John Berry Explains It All: Gay Rights Coming, And No ‘Deal’ Between White House and HRC


As the director of the Office of Personnel Management, John Berry oversees some 1.9 million federal employees. He’s also the highest ranking open homo. Which means plenty of pressure falls on this fella — both from the gay community (as someone looking out for them in the upper echelons of government) and the White House (as someone they can use as a pawn in relations with the gays). But as he tells it, there’s no smoke-filled back room strategy sessions going on between leaders of Gay Inc. and the White House to broker gay rights deals. And all those promises Obama made us? He’ll keep ’em! Eventually.

Berry — with the okay from the White House — denies Obama and the Human Rights Campaign cut a deal to pass hate crimes legislation and workplace anti-discrimination measures while holding off on repealing Don’t Ask Don’t Tell. Does that get Joe Solmonese off the hook?

He also laid out, in what’s perhaps the most clear explanation yet, the White House’s basic strategy on gay rights. It goes like this, according to words exchanged between Berry and The Advocate:

Our first hope is that we will get our federal house in order and ensure that no discrimination exists in the federal work place against any of the LGBT community. [Note: This presumably pertains to the fact that transgender workers are still not protected by the federal government’s nondiscrimination policy, though gay employees are covered.]

Second, we want to make sure that we get the benefits for the LGBT community that are equal to all other benefits provided to other federal employees, and where we have the authority to move forward, the president is going to be announcing something in the very near future that is going to be a very significant announcement in that regard. Where it requires legislation, we will seek and support it.

We have four broad legislative goals that we want to accomplish and legislation is one of these things where you’ve got to move when the opportunity strikes, so I’m going to list them in an order but it’s not necessarily going to go one, two, three, four. Obviously, I think the first opportunity is hate crimes and we’re hopeful that we can get that passed this week. We’re going to try, but if not, we’re going to keep at it until we get it passed. The second one ENDA, we want to secure that passage of ENDA, and third is we want to repeal legislatively “don’t ask don’t tell,” and fourth, we want to repeal the Defense of Marriage Act.

Now, I’m not going to pledge — and nor is the president — that this is going to be done by some certain date. The pledge and the promise is that, this will be done before the sun sets on this administration – our goal is to have this entire agenda accomplished and enacted into law so that it is secure.

From Berry’s words, it sounds like the White House plans on making good on its promises to GLBTs, going from what it judges the most doable all the way down to the most difficult. And while Berry doesn’t want to put that in a chronological list, we will: Hate crimes protection, then employee protection, then DADT, then DOMA. Which is all well and good — actually, it’s beyond terrific if Obama truly plans on making these steps — but communicating this strategy to us has been a long time coming.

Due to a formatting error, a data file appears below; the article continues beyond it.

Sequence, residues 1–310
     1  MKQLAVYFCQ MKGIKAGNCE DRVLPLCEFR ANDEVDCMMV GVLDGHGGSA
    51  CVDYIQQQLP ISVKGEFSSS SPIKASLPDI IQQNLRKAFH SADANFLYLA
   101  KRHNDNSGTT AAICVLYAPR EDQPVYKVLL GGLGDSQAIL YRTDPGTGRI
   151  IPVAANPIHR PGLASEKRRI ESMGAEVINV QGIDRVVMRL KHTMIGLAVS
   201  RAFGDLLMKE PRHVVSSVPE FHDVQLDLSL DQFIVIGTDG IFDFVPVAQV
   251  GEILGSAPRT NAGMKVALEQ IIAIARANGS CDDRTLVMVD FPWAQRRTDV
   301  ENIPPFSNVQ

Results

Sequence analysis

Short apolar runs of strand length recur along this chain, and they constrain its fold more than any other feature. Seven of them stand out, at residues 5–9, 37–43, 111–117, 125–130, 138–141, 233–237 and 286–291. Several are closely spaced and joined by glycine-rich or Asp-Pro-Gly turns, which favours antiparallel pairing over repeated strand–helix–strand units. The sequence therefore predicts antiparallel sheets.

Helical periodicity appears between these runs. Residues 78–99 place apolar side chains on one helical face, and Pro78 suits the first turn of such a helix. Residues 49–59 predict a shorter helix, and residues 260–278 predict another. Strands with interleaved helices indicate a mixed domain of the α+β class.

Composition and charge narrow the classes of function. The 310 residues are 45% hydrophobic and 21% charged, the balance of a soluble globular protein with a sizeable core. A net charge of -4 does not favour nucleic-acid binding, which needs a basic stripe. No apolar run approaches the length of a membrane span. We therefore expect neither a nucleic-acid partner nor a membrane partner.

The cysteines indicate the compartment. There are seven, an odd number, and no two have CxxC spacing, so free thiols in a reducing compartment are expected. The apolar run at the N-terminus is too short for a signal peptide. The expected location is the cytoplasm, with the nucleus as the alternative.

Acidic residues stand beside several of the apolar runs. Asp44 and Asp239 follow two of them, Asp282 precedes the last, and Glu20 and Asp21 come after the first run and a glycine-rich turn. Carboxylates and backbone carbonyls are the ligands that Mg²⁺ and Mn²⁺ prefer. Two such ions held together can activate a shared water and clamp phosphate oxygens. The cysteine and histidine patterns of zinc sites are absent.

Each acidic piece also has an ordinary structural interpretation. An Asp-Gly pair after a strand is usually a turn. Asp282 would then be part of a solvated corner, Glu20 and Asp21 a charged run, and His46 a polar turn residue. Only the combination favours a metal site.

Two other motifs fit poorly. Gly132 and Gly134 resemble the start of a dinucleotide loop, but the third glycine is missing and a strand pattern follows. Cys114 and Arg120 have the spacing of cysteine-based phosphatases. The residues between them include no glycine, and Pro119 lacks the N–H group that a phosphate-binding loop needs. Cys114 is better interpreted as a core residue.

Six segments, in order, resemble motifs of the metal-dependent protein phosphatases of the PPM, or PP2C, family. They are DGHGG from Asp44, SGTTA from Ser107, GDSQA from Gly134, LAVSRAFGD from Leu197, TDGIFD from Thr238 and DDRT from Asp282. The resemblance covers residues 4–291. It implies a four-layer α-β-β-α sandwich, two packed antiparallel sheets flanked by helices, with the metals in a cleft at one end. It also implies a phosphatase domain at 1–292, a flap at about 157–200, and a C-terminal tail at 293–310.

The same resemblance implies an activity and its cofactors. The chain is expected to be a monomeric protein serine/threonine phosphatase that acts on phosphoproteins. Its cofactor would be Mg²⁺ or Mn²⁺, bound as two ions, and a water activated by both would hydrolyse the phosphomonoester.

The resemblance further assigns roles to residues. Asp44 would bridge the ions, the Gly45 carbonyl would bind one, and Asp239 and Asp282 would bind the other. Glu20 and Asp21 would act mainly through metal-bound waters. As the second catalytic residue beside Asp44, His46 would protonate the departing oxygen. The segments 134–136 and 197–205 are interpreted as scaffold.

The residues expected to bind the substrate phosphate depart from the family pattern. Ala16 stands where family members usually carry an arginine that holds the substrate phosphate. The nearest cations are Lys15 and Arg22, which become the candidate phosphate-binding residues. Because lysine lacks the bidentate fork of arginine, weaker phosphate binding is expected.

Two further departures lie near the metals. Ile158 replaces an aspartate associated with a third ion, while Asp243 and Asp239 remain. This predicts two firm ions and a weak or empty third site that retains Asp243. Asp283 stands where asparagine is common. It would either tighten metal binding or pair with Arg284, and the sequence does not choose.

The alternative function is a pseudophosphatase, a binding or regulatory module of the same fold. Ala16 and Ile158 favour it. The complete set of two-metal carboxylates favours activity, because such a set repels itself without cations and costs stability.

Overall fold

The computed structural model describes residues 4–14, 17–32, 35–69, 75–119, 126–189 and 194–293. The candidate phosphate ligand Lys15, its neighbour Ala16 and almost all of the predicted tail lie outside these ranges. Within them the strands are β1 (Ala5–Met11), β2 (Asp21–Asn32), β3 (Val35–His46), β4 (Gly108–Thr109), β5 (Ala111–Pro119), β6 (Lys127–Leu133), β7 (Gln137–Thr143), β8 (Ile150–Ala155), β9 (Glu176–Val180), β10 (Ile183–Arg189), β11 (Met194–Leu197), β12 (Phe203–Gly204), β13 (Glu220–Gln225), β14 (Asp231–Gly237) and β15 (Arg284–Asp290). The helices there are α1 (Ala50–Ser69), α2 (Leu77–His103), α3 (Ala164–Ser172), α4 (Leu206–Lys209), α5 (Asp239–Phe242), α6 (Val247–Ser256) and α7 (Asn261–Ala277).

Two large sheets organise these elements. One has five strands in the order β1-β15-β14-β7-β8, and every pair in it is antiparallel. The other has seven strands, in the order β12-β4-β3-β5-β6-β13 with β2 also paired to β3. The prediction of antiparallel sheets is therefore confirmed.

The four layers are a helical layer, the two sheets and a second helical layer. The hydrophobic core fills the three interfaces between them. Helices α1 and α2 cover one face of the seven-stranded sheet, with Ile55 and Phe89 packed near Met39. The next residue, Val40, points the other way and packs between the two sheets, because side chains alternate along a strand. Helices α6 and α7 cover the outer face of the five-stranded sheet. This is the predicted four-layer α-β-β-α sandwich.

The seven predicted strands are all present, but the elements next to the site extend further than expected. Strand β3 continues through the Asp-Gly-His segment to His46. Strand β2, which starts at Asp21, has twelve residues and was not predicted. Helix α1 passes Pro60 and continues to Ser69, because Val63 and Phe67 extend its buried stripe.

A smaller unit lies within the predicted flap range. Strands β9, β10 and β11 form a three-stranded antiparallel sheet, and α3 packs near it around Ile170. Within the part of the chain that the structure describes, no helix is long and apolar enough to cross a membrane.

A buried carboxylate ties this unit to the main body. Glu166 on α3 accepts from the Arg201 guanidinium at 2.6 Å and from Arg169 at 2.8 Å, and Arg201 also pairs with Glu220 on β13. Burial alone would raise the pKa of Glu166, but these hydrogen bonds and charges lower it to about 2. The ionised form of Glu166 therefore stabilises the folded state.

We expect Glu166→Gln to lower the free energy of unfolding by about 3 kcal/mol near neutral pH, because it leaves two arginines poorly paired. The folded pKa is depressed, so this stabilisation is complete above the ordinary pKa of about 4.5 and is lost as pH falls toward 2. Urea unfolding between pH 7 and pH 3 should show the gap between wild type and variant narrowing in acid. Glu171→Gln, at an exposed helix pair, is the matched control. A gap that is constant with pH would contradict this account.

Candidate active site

As for last week’s horrendous defense of DOMA from the Department of Justice, Berry sadly joins the apologist club:

This president took a solemn oath to uphold the Constitution of the United States and he does not get to decide and choose which laws he enforces. He has to enforce the laws that have been enacted appropriately and that he has inherited. It would be wrong for me or any of our community to advise him to lie or to shirk his responsibility. He’s doing his job. He has made clear that he stands for the repeal of DOMA. It will be part of this administration’s agenda to accomplish that act. We ought not waste energy and angst attacking him when we should be focusing the energy and effort on getting 218 votes in the house and 60 votes in the Senate, and that’s where we ought to target the energy and the strength of this community and this president is with us, this is our agenda and it’s his agenda.

Apparently condemning the community, pulling the incest card, and going overboard to demean gay Americans is part of the president “just doing his job.” Replace “people of color” or “women” or “the physically disabled” with the DOJ’s remarks about why gays shouldn’t be allowed to get married and the pictures grows more clear: Obama isn’t doing his job; he is actively endorsing discrimination.

His duty to uphold the Constitution, meanwhile, includes a little phrase that reads “equal protection under the law.” He’s not only failing in that department, he’s actively lobbying for why he shouldn’t have to do it.

So when Berry says Obama doesn’t get to pick and choose which laws he upholds, he’s wrong: Obama gets to pick the Constitutional laws to uphold, and disregard everything else that violates civil rights.